£24 million for services that work with women in justice system.
- Female offenders to be diverted from life of crime with targeted support
- Women helped to get off drugs, off the streets into work
Women whose crimes have been fuelled by addiction, mental health issues and domestic violence will be better supported to stop reoffending thanks to new government funding.
With over 60 per cent of women in prison having experienced domestic abuse and 50 per cent having drug addictions almost £21 million will be invested in women’s services to tackle the causes of female offending and cut crime.
Organisations such as Working Chance, the UK’s only charity dedicated to getting women with convictions into work, support offenders who are serving a community sentence or have recently been released from prison and may be at risk of reoffending.
This tailored support, which can range from help to find a job or support with drug and alcohol abuse, can provide stability in getting their lives back on track – ultimately helping to keep the public safe.
Without specialist support in the community, statistics show that half of women who have been in prison will go on to reoffend, contributing towards the £18 billion cost of reoffending to the taxpayer.
A further £3.6 million will be allocated to help local services, such as mental health support and drug experts, work more closely together to support female offenders. This will include funding local coordinator roles, who would help to bring government and third sector organisations together to provide a better service.
Prisons Minister Stuart Andrew said:
“Female offenders are often driven into crime by poor mental health, drug addiction or abuse.
“This investment will make sure we support women facing these problems away from crime and into the help they need to get their lives back on track.”
Tackling the root causes of female offending and providing vulnerable women with early support is a key part of the Female Offender Strategy, with many women who commit low-level crimes being driven by underlying factors such as substance abuse, trauma or difficulty in getting a job.
Katie, 39, who spent 6 months in prison and has been helped back into employment through Working Chance, said:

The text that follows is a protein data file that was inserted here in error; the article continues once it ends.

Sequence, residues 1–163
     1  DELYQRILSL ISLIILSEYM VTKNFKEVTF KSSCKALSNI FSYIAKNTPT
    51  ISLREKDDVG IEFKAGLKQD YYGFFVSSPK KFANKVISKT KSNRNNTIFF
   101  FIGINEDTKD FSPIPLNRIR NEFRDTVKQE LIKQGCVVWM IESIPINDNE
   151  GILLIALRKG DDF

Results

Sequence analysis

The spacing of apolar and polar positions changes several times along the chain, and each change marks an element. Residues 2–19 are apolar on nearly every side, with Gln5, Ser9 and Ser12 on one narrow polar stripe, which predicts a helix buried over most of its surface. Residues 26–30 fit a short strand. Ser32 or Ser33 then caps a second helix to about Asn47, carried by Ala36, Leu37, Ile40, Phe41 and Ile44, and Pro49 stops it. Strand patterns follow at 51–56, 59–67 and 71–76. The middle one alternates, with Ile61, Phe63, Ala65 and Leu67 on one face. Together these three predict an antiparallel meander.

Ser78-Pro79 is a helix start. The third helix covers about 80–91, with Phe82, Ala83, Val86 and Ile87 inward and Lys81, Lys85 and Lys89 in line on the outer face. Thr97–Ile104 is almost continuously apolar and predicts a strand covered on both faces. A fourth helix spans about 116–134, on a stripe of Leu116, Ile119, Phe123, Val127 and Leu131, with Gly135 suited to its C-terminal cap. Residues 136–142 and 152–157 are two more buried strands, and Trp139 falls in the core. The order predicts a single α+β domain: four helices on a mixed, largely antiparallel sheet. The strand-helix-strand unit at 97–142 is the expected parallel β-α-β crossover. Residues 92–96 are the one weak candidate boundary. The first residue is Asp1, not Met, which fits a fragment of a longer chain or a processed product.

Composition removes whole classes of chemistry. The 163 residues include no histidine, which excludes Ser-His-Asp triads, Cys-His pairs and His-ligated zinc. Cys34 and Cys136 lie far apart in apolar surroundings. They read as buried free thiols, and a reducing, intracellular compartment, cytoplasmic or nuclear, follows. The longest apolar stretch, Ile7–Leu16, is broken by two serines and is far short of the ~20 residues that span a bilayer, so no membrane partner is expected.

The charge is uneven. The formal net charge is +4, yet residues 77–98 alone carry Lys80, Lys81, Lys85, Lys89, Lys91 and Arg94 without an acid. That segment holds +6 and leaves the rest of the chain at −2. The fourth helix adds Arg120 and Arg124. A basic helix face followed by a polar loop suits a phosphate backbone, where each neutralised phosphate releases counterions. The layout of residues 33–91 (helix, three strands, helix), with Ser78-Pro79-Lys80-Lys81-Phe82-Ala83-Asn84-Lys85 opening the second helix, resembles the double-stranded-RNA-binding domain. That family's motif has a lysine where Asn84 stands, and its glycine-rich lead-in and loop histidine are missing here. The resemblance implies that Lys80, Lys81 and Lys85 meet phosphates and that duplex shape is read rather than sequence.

“Mounting debt and mental health issues all contributed towards my offending, but I was determined to take responsibility and start getting my life back on track.
“Working Chance gave me the support needed to rewrite my CV, prepare for interviews and the confidence to disclose my convictions to potential employers.”
While women who commit the most serious crimes will always be sent to prison, custody should always be a last resort. On top of the £24 million funding, the government is also piloting a £10 million Residential Women’s Centre in Swansea, to reduce the number of women sent to prison.
Female offenders at the centre will receive one-to-one mental health therapy and counselling to address their trauma from previous abuse and support to overcome substance misuse.
This is alongside plans to pilot a new Problem-Solving Court targeted at women with complex needs, including drug and alcohol abuse.
Female offenders sentenced at the court will see the same judge or bench of magistrates for regular reviews, receive intensive support and supervision from the Probation Service and have access to services for drug and alcohol abuse, and support with housing, training and employment.
Since 2018, almost £55 million has been invested to support female offenders. New specialist staff have been recruited to support pregnant women and mothers in prison, and charities and community organisations have also received funding to keep services running.